First, my apologies to all of you who got the new post notification several days ago, only to find an incomplete post or a “page not found” error. Fourteen years of blogging, and I finally made the mistake I’ve been dreading, of hitting “Publish” instead of “Save Draft.” How mortifying. I promise to be more careful in the future!
If you happened to catch the draft post before I deleted it, you got a sneak peek at the first in this group of three neat plants: a glorious annual with a humdinger of a common name: ‘Shiro-gane Nishiki’ kiss-me-over-the-garden-gate (Persicaria orientalis, formerly Polygonum orientale). For the sake of convenience, I shall henceforth refer to it here as KMOTGG.
Last month, I started discussing one of my favorite kinds of seeds: the self-sowers. Though they have a reputation for being easy, self-sowers tend to make their own rules, sometimes needing specific germination conditions and benefiting from a little custom care to work to best advantage. Over the years, I’ve come up with some ways that work well for me and identified a bunch of self-sowers that have been happy to make Hayefield their home.
First, a big thank-you to everyone who requested seeds through last month’s giveaway. Several hundred packets have, I hope, made it to new homes around the globe. (If you sent in a request and didn’t hear back from me, or if I confirmed your request but your seeds haven’t arrived yet, please don’t hesitate to leave me a note here or contact me directly.) And a special thanks to those of you who shared seeds and other surprises in return—the generosity of gardeners is unsurpassed!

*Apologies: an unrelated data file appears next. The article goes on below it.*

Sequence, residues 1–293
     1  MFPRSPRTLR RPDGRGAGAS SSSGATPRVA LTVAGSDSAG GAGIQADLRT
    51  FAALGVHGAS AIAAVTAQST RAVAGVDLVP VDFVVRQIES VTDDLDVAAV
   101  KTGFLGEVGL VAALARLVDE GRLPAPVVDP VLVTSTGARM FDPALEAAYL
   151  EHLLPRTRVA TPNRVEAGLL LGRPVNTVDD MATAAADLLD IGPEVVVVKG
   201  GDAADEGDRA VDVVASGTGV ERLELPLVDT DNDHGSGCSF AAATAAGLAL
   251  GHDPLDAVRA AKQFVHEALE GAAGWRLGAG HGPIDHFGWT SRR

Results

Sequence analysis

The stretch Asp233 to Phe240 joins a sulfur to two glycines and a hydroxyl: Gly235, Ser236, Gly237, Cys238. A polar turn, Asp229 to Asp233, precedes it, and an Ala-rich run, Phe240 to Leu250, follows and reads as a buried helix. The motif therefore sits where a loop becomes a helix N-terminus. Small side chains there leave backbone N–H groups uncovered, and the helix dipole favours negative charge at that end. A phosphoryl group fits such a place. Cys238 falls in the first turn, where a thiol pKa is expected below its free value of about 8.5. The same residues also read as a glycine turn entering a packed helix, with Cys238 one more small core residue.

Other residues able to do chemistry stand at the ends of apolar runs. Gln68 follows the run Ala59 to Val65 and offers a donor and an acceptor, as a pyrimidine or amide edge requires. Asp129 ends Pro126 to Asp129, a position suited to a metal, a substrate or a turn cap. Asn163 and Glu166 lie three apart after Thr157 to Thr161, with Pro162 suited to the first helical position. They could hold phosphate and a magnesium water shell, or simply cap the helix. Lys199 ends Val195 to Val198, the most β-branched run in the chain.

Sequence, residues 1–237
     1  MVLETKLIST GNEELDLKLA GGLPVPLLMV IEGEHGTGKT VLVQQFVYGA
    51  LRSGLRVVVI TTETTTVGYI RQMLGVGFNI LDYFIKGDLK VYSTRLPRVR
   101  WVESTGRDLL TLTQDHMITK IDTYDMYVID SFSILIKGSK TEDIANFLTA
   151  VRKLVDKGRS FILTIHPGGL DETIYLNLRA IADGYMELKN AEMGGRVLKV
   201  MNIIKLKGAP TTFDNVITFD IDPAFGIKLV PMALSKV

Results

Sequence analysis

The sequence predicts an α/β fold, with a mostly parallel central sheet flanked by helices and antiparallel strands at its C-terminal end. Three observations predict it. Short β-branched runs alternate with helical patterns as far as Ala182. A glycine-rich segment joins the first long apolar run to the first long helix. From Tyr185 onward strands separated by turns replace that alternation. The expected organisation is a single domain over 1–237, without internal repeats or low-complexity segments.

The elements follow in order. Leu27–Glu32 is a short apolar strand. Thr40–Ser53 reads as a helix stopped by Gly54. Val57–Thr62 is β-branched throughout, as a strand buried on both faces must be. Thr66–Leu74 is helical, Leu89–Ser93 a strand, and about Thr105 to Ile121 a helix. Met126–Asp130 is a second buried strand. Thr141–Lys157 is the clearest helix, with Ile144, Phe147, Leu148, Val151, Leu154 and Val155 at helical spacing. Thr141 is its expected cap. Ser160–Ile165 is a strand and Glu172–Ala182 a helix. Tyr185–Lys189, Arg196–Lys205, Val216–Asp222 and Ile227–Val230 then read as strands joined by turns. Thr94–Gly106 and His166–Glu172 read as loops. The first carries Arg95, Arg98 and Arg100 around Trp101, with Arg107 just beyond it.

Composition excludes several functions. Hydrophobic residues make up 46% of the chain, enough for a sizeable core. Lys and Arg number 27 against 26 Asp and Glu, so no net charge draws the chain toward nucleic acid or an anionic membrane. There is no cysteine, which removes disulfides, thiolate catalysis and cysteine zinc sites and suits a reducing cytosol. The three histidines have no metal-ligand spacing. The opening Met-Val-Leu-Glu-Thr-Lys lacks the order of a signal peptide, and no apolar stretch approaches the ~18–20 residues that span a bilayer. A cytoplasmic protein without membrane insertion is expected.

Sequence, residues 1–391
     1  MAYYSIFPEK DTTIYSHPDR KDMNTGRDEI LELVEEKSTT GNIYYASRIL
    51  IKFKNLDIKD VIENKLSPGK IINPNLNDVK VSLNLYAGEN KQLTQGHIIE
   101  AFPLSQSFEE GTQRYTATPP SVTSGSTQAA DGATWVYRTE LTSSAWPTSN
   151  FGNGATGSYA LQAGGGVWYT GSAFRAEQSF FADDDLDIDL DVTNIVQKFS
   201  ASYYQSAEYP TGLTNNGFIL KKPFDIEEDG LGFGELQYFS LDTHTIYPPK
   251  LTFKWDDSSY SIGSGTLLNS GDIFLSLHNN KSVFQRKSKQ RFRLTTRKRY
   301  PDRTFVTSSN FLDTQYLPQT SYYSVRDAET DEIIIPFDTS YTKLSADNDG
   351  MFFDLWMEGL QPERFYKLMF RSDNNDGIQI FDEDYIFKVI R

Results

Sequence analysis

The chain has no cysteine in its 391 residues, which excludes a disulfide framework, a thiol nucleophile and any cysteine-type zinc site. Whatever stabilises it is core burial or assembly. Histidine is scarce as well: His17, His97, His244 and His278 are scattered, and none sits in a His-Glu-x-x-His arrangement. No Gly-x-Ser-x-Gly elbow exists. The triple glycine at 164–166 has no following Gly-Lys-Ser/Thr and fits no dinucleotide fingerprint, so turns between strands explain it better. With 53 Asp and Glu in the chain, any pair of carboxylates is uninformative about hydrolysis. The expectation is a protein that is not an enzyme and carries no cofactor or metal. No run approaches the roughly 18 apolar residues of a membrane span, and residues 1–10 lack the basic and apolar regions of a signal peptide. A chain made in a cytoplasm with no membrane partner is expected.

Since last fall, I’ve been writing about some of the many good reasons to make seeds part of your gardening experience. I obviously spend way too much time thinking about seeds: collecting, cleaning, packing those I already have, buying or trading for new ones, and—best of all—getting them all growing.
I think the only thing I like more than having lots of seeds to sow is having seeds I don’t have to sow—more than once, anyway. “Self-sowing” annuals, biennials, and short-lived perennials are such a gift to gardens and gardeners, from an aesthetic standpoint as well a practical one. Granted, they can get a little too enthusiastic sometimes, but their good points generally far outweigh the bit of management they may require. Unfortunately, self-sowers tend to be hard to find for sale as plants, for various reasons. So, even if you normally don’t choose to grow from seed, I encourage you to consider making an exception to get some of these gems growing in your garden. Continue reading Make the Most of Self-Sowers (Part 1)